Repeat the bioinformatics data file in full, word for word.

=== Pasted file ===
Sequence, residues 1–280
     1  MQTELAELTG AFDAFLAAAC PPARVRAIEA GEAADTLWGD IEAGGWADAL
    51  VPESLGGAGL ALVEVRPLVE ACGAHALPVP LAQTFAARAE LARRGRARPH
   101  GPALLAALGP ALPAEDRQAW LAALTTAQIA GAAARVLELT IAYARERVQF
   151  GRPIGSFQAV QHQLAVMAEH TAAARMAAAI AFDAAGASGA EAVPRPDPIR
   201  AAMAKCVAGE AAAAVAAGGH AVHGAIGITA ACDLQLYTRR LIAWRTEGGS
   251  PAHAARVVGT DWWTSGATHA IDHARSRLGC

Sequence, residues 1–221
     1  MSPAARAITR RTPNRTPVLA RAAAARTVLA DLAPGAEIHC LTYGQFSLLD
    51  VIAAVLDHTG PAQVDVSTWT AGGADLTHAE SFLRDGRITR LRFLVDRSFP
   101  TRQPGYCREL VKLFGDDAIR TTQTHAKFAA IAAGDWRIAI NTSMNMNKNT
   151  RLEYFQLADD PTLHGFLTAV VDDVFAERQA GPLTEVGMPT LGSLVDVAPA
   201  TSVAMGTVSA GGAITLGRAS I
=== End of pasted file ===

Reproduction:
Sequence, residues 1–280
     1  MQTELAELTG AFDAFLAAAC PPARVRAIEA GEAADTLWGD IEAGGWADAL
    51  VPESLGGAGL ALVEVRPLVE ACGAHALPVP LAQTFAARAE LARRGRARPH
   101  GPALLAALGP ALPAEDRQAW LAALTTAQIA GAAARVLELT IAYARERVQF
   151  GRPIGSFQAV QHQLAVMAEH TAAARMAAAI AFDAAGASGA EAVPRPDPIR
   201  AAMAKCVAGE AAAAVAAGGH AVHGAIGITA ACDLQLYTRR LIAWRTEGGS
   251  PAHAARVVGT DWWTSGATHA IDHARSRLGC

Sequence, residues 1–221
     1  MSPAARAITR RTPNRTPVLA RAAAARTVLA DLAPGAEIHC LTYGQFSLLD
    51  VIAAVLDHTG PAQVDVSTWT AGGADLTHAE SFLRDGRITR LRFLVDRSFP
   101  TRQPGYCREL VKLFGDDAIR TTQTHAKFAA IAAGDWRIAI NTSMNMNKNT
   151  RLEYFQLADD PTLHGFLTAV VDDVFAERQA GPLTEVGMPT LGSLVDVAPA
   201  TSVAMGTVSA GGAITLGRAS I